Originally published on The Spinoff
Simon Bridges drew the curtain on a colourful and sometimes controversial parliamentary career this week, when he took almost everyone by surprise in announcing that he's out of there. The former Cabinet minister, former National leader, current finance spokesman and renowned slushie-loving yak whisperer told a press conference: "In the end, we all, in careers and lives, make significant decisions where we weigh the pros and cons. At 45, [after] 14 years in parliament, it's a good time for National, it's a good time for me, and it's a good time for my family."
And he "literally did do up a pros and cons chart", Bridges has exclusively revealed to The Spinoff's politics podcast, Gone By Lunchtime. He refused to be drawn on whether or not the visualisation had been audited by Treasury or Paul Goldsmith.
Bridges said: "It's not an overnight thing. You have days when you wake up and think, 'man, I love politics, I took it to Grant Robertson, that was amazing, I could do this forever.' And then you have other days when you think, 'what are you doing, Simon? There's a real world out there – life and children and whānau and fun and happiness.' What happened for me was that over time those days became many more than the 'I need to stay in politics' days."
On the timing of the announcement, Bridges said he had planned to tell his caucus and hold a press conference last week. "But I was isolating with Covid and I couldn't do it live in front of my colleagues. I thought that was important. And then we got a good poll and that seemed to me nice timing."
It was a shame that political journalists leapt to ask whether there was some kind of scandal behind his decision, said Bridges. "I find that so sad, that that's the way people think … There have been so many scandals in my career that have nearly killed me. Why the f*** would I leave for one now? This is not a plausible storyline. I fight my scandals in Parliament, not out."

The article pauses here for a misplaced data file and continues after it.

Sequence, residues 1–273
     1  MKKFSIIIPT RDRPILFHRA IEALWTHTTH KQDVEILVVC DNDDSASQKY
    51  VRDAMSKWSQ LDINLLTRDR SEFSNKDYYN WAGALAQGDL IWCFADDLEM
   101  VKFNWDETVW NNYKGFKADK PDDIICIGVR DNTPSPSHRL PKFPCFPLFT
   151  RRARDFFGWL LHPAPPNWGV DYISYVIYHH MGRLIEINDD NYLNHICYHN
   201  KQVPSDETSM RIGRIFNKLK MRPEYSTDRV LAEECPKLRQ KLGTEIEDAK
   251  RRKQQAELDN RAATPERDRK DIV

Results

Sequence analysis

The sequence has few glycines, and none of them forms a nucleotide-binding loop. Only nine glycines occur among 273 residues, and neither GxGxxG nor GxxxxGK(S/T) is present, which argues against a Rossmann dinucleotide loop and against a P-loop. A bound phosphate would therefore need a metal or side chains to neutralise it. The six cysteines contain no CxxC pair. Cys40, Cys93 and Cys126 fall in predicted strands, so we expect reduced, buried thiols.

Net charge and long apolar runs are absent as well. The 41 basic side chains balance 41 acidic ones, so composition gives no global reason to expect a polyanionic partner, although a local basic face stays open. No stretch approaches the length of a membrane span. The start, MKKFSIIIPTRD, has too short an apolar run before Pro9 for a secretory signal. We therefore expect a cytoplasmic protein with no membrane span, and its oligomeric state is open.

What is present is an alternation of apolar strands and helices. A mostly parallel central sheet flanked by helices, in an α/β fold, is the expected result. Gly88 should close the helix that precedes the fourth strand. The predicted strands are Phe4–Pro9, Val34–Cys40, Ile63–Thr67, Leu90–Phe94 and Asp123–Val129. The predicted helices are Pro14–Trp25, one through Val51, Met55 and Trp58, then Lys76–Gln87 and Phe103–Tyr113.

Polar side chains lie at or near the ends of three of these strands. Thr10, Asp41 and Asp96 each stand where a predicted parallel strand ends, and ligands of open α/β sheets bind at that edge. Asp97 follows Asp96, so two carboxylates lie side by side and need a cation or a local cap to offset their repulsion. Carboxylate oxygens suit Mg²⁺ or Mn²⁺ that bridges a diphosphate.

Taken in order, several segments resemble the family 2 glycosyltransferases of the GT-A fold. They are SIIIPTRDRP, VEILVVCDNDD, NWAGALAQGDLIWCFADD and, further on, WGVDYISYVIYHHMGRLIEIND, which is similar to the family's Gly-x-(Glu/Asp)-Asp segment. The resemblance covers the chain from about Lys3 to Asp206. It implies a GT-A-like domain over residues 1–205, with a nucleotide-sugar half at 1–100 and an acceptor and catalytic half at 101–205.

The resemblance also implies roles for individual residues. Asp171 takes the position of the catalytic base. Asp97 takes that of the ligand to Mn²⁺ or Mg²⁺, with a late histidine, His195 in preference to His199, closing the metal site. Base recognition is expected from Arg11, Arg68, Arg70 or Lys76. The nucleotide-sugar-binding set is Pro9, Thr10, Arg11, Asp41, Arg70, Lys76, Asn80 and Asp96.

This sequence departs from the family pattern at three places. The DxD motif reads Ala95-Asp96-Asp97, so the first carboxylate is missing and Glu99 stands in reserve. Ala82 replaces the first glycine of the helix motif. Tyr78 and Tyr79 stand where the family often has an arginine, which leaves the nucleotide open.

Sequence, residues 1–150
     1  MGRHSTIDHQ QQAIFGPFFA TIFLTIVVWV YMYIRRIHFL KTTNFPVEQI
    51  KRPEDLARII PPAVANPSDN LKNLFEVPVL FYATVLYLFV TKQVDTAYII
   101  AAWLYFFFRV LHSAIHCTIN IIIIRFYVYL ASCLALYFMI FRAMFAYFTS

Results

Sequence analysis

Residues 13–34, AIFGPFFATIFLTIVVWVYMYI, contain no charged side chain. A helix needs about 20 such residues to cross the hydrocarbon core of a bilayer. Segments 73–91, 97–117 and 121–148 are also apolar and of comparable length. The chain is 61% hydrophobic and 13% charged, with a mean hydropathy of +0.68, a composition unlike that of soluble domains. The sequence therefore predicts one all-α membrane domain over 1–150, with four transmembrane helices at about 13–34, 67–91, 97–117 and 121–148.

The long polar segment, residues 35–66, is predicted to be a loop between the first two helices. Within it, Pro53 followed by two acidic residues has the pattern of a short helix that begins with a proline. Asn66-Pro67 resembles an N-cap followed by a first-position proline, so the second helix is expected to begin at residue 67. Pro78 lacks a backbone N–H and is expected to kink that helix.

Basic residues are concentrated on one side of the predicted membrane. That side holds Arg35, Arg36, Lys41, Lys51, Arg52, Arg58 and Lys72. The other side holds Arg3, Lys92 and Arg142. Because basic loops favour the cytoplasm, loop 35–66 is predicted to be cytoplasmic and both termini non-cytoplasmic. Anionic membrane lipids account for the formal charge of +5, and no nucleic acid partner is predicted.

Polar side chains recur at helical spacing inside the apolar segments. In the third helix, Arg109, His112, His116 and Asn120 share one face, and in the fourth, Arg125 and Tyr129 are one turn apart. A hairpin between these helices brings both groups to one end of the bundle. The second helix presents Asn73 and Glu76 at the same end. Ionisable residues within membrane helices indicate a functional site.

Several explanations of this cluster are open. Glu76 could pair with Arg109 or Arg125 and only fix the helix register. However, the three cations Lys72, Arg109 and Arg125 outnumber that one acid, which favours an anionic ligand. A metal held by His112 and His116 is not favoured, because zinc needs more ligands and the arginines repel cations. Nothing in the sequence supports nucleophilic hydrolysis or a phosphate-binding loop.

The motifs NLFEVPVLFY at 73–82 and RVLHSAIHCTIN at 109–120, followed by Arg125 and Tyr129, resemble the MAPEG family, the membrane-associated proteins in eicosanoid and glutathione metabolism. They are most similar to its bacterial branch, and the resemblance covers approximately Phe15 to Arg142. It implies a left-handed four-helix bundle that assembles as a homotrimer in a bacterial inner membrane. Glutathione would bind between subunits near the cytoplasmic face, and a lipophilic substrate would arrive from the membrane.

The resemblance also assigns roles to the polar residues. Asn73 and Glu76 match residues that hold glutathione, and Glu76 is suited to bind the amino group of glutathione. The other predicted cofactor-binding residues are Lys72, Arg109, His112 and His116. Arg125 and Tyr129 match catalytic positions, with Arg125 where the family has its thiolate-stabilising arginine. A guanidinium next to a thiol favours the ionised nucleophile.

Among the "wild conflagrations" that have plagued Bridges in recent years were attacks from Jami-Lee Ross and Judith Collins, both of whom, reckoned Gone By Lunchtime's Ben Thomas, "opted basically to destroy their lives and careers just to get at you. So I'm wondering: are you retiring to do a course on how to be a bit easier to get along with?"
"I have enjoyed all of it," Bridges responded. "I don't know how I somehow justify this passion in people. I'm just a regular dickhead, there's not more to it … Because you're right, they have exploded. They exploded on me."
Asked by Annabelle Lee-Mather "who people would be surprised to hear you actually like in Parliament", Bridges nominated the long-serving Labour MP and Speaker, Trevor Mallard. "I cannot believe I'm saying this," he said. "At least he's got a bit of something about him … He brings a bit of flavour and colour to the game. And we all need a few bitter, twisted men in Parliament."
On the upcoming byelection in his seat of Tauranga and speculation that Tania Tapsell, East Coast candidate in 2020, could fit the bill for National, Bridges said he wouldn't get involved in the selection process, but "as a person, she's high calibre, fantastic … It's a crying shame she didn't get in, but it was a terrible election for us".
The talk around Winston Peters was unlikely to come to anything, Bridges reckoned. "Tauranga is a very different city even to when I first became a member of Parliament [in 2008]. It's new builds. It's acai berries. And it's also complicated issues around homelessness and crime. It's a very dynamic little city. It's 20 years too late for Winston. It's just not his kind of town any more."
Pressed on his future plans and whether he had signed any commercial or media deals, Bridges said: "No, there are no signatures yet. I am exploring. I'm not going to be overly coy with you. I have been talking as I explore, because one is not entirely stupid and does need to keep the wolves from the door. But the exploration continues." His references to potential media spots were simply "shameless boosterism to see what happened".
Asked about whether he could end up regretting abandoning a path that might have one day led to the ninth floor of the Beehive, Bridges said – noting a self-sabotaging tendency "to over-disclose" – that his remaining scenario for becoming prime minister would have needed to be in the mould of a John Howard or Bill English, who both spent long stretches overseeing the purse-strings before moving to the top job. It would have meant "doing the hard yards and some significant amount of time getting there. But I'd be older, fatter, greyer. My kids would be 20, they may or may not talk to me. So that was all in the pros and cons."